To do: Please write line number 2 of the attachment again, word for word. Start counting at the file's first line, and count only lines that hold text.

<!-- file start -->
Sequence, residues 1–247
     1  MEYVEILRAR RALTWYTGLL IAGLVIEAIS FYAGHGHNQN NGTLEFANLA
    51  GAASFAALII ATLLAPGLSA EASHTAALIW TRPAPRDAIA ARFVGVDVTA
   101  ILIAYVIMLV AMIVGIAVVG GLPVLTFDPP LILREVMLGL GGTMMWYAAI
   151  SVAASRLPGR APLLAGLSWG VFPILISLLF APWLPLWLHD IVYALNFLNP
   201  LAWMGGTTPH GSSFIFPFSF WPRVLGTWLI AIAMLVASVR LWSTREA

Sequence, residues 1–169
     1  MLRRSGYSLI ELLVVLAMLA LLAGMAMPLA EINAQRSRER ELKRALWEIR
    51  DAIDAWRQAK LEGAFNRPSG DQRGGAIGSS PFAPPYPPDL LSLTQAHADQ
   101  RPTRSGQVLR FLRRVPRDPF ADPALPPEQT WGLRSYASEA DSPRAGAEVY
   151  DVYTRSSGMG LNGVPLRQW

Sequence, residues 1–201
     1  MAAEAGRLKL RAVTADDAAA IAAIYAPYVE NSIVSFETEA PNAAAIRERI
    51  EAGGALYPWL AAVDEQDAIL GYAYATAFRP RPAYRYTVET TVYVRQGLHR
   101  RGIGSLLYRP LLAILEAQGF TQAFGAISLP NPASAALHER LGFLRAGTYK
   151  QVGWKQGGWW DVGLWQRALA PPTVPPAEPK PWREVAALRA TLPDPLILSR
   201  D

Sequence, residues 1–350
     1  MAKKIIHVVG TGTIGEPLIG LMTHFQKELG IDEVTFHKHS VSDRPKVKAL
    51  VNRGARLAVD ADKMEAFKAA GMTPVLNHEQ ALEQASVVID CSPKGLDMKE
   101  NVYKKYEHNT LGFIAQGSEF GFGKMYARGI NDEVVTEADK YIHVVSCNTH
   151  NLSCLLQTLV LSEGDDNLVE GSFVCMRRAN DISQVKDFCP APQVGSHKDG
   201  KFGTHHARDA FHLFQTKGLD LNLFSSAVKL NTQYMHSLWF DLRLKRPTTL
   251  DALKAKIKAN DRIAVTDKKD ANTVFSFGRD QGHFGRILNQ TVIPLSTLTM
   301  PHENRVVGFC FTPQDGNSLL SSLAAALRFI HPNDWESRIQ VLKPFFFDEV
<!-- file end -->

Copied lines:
     1  MEYVEILRAR RALTWYTGLL IAGLVIEAIS FYAGHGHNQN NGTLEFANLA